This wonderful fellowship’: The work of Talbot House and the Toc H movement with the British and Imperial armies in two world wars
‘This wonderful fellowship’:
‘This wonderful fellowship’: The work of Talbot House and the Toc H movement with the British and Imperial armies in two world wars. Toc H is a movement, still existing today, which had its roots in the battlefields of the Great War.
Talbot House, in Poperinghe
Talbot House, in Poperinghe, Flanders, had been set up by a chaplain, the Revd P.B. ‘Tubby’ Clayton at the end of 1915 as a rest house for troops just behind the line. It became a unique institution, referred to by the men by its signaller’s symbols, Toc H. At Talbot House troops could meet and “forget the war” relaxing in the garden and rooms, writing letters and engaging in debates and games.
The foundation members
These were to be the “foundation members” of an organisation that was crystallising in his mind to perpetuate the work and ethos of Talbot House. The ethos of the movement was encapsulated in the “Four Points” of the “Toc H compass: “FELLOWSHIP – to love widely, SERVICE – to build bravely FAIRMINDENESS – to think fairly, THE KINGDOM OF GOD – to witness humbly,” and was called Toc H after the signallers wartime parlance for Talbot House.
Connection with the Dominions
The Second World War
Plans in wartime
On September 26th 1939 Lord Halifax wrote to The Times in his capacity as one of the Vice Presidents of Toc H on the subject of the task of Toc H members in war time. He explained that Toc H could stand for “To conquer hate” and that he regarded the “varied work that Toc H had been possible training for what it is now undertaking.” He described how Toc H was making “Its full contribution of men to the fighting services and all forms of civil defence.” He continued “Besides direct national service, Toc H is discovering and using a great many opportunities to serve the men of the Navy and Army and Air Force, the civil defence workers, the evacuated population, and indeed anyone in need of friendship. Its twenty-five houses and numerous local meeting places in this country and overseas are providing premises for such work and its available membership is being mobilised to carry it on.” Within four months of the outbreak of war 142 clubs and centres had been opened for troops and another for forty-three civil defence workers and evacuees. The annual report of 1940 described how in over two hundred places Toc H units had opened or were largely responsible for running, service clubs. A war services committee had been sent up and was appealing for funds to carry out the war work of the movement. Fifty thousand pounds was required.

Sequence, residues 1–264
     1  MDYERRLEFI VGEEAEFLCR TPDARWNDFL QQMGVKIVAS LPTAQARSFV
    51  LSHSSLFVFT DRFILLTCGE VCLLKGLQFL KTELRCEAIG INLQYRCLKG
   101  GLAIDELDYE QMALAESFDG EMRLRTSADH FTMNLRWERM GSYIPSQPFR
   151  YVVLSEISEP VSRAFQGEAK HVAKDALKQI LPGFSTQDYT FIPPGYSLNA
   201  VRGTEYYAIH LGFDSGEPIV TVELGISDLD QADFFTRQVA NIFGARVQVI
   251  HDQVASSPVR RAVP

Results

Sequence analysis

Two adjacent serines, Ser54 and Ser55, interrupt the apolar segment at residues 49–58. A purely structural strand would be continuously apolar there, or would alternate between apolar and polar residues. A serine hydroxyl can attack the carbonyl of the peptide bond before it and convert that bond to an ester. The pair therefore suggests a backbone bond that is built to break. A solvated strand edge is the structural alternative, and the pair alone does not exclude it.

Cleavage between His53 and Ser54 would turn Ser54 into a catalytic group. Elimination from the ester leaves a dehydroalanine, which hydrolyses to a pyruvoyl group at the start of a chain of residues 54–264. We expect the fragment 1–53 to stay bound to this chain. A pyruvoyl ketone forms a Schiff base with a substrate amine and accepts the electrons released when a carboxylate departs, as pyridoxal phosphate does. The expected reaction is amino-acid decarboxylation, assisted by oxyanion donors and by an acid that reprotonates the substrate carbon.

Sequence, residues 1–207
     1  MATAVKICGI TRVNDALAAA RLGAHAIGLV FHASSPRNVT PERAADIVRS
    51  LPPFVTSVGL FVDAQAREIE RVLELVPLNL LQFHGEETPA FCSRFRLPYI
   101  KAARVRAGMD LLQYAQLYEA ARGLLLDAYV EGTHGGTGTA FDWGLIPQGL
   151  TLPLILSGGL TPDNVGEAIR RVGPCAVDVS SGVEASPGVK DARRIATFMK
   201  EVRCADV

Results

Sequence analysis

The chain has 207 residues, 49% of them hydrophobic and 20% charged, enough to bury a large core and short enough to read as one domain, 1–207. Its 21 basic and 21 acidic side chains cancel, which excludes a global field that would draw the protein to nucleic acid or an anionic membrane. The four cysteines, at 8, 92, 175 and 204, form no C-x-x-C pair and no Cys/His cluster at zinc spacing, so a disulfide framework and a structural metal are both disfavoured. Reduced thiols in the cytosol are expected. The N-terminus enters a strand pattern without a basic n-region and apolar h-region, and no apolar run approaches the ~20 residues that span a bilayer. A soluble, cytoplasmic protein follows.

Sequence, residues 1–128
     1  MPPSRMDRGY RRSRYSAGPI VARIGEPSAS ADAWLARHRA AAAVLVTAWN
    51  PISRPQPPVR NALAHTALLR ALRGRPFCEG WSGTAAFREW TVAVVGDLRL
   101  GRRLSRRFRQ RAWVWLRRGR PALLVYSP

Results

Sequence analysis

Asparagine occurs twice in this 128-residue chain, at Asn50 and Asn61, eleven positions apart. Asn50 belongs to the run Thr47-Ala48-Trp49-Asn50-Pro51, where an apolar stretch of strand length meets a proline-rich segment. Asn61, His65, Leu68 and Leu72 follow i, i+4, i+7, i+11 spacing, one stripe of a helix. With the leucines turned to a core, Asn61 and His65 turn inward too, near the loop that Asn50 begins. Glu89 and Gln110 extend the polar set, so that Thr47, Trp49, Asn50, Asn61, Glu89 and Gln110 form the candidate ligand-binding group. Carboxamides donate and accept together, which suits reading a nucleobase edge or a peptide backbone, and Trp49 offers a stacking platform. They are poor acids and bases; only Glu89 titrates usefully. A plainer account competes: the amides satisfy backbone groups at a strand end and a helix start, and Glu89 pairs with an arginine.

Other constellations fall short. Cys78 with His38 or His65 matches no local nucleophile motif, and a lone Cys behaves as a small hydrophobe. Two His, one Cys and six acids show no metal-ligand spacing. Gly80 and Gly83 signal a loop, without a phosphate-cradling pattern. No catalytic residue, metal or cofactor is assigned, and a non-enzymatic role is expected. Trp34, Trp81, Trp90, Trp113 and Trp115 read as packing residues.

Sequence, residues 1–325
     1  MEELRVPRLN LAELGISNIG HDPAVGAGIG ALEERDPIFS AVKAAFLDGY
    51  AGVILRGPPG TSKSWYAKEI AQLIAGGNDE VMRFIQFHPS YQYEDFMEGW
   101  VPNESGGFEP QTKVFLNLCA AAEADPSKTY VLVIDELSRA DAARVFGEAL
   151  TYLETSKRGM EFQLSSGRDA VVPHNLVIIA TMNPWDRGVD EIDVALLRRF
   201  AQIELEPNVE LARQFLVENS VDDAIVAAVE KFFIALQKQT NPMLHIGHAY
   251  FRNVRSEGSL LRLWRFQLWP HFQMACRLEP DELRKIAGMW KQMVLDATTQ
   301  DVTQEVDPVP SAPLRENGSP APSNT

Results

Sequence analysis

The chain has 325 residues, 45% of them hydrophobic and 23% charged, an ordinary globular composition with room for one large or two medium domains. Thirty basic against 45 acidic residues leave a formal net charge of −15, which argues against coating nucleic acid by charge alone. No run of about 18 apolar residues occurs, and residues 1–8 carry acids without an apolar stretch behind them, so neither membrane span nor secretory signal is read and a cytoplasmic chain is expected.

Talbot House invaded
Lt Arthur Denver described his experiences at Poperinghe in August 1939. Describing the last hours of the Old House. He was visiting the house as part of a training course ran by Paul Slessor to become ‘honorary wardens’. He remembered the week: “Beautiful weather and everything perfectly peaceful. taking tea in the garden in the sunshine gave no hint of war imminent. I firmly believed at that time that man could not be so foolish as to kill and desecrate again.” On 24th August he received a message from Paul Slessor asking him to come back to London immediately and later in the day another one came commanding him to return to his regiment amid an atmosphere of mounting tension in the house and the town, he took light and joined in prayer in the Upper Room. He then wrote in the warden’s log and caught a train to Dunkirk. (exactly five years and one month later on Sept 28th 1944 he was back in Poperinghe and spoke to Olida Berat who assured him that the lamp was safe.) Early in 1940 a group of Toc H members went with the British Expeditionary Force to set up service clubs in Belgium and France. Lt Col Bonham- Carter, Rex Calkin, general secretary, H.R Pilcher, R.H. Stanton and the Revd Austen Williams set out and established clubs at Lille, Douai and Rouen, with the intention of opining Talbot House again. However, the swift progress of the German army meant that the houses at Lille and Rouen had to be evacuated. On May 21st these five “after serving the retreating troops and evacuees too long for their own safety,” left the house at Lille, making for Rouen and were captured, becoming prisoners of war.
Around the world